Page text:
Most websites are not going to see an SEO benefit from increasing the speed of their website. Google has always said only a small fraction of sites are affected by this part of the ranking algorithm. This view seems to be borne out by correlation studies. Honestly, the best test of speed is to take your laptop to the local café and surf around your website. If you are not waiting for pages to load up, then you are probably okay. The exceptions (sites that should be concerned about speed) are large enterprise and e-commerce websites. If you optimize for one of these, shaving a few milliseconds from load time may lower bounce rates and increase conversions or sales.

Architecture: URLs

The current best practices for URLs should hold true throughout 2014. Simple and easily readable URLs are not just about search engine optimization. With today’s multi-tabbed browsers, people are more likely to see your URLs than they are your title tags. I will also add that, when seen in the search engine results pages, readable URLs are more likely to get clicked on than nonsensical ones. If your content management system cannot create readable URLs based on your title tags or will not let you customize URLs, it is probably time for a CMS review. This is now a basic search engine optimization feature, so if your CMS cannot handle it, I wonder about the rest of your CMS’s SEO efficacy.

Architecture: Mobile

2013 was an interesting year for mobile SEO. Google and Bing agree that the ideal configuration is for websites to have a single set of URLs for all devices and to use responsive Web design to present them accordingly. In reality, not all content management systems can handle this, and Web designers have presented case studies of situations where the search engine standard is neither practical nor desirable. If you can execute what Google and Bing recommend, do so. However, if you cannot or have a good reason not to, be sure to use canonical tags that point to the most complete version of each page, probably your desktop version, and employ redirects based on browser platform for screen size. You will not risk a penalty from the search engines as long as your website treats all visitors equally and doesn’t make exceptions for search engine spiders. Basically, this is similar to automatic redirection of visitors based on their geographic location for language preference. That about wraps it up for on-page SEO factors in 2014. Be on the lookout for Part 3 of my 2014 SEO Playbook, which will cover off-page SEO factors relating to link building, local search and social media.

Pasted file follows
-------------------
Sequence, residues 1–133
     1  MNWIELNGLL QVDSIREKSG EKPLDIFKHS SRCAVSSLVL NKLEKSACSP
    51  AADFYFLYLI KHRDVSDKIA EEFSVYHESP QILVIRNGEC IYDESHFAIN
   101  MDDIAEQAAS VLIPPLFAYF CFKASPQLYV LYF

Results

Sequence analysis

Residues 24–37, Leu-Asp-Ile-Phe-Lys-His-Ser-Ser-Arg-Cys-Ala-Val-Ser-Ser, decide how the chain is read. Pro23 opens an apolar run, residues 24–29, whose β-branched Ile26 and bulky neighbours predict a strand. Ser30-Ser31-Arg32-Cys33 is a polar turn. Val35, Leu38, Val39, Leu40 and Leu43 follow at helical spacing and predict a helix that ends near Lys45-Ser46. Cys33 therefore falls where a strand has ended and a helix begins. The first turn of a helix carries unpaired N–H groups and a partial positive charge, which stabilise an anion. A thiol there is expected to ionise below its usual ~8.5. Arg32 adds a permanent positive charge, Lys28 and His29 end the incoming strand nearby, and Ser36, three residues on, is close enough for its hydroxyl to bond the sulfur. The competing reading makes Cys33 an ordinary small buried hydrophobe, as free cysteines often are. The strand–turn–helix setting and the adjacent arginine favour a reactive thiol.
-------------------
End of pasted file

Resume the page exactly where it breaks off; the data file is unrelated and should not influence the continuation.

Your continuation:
Source : searchengineland.com/2014-seo-playbook-on-page-factors-178546

Local SEO Services Orlando | “Shoppers Warm Up To Retail On Thanksgiving Day”

Source    : Freep
By             : Georgea Kovanis
Category : Local SEO Services Orlando, Best Orlando SEO Company

Local SEO Serviceso Orlando

Local SEO Serviceso Orlando

Stores opened earlier than ever Thursday evening for post-Thanksgiving sales, and the shoppers shopped. And shopped.And shopped. Lines at Toys R Us, which opened at 5 p.m., and Best Buy, which opened at 6 p.m., initially seemed shorter than they’ve been in previous years. Amanda Reeser, general manager of the Best Buy in Madison Heights, said it took longer this year for the very long line to form outside her store as it has in years past. But the crowds finally showed up. Minutes before its opening, security personnel figured at least 300 people were standing outside, waiting to get in.

Jessica Berry, 27, of Ferndale said she wouldn’t normally have been able to make the Toys R Us opening at 5 p.m. Thursday. But this year, only a few members of her family gathered for Thanksgiving, and they had brunch, so she had time to shop. She dropped her husband off at a Walmart before driving herself to the Madison Heights Toys R Us, where she waited in line outside the store to get a train set and other toys. Jackie Council, 29, of Warren said she got in line outside the Best Buy in Madison Heights two hours before its 6 p.m. opening. She managed to get the Kindle and game system she wanted, she said, but felt like she’d had to rush her Thanksgiving celebration.

“Just starting early is a lot more hectic,” she said. “You don’t get to spend much time with family.” Nationally, retailers expected 33 million people to shop in stores or online on Thanksgiving Day, according to a National Retail Federation survey. On Friday, 97 million are expected to shop. For the full holiday weekend — Thursday through Sunday — up to 140 million people planned to shop. Last year, 147 million people surveyed said they planned to shop over the holiday weekend. Around metro Detroit, shoppers seemed in good spirits. Almost a half hour before Target’s 8 p.m. opening, people standing in the long line outside the Madison Heights store began singing “Rudolph the Red Nosed Reindeer.” “I love it!” Dee Farmer, 47, of Brighton said of Thanksgiving shopping. She was outside the Brighton Target store, where she’d been warmly ensconced in a tent since Wednesday night.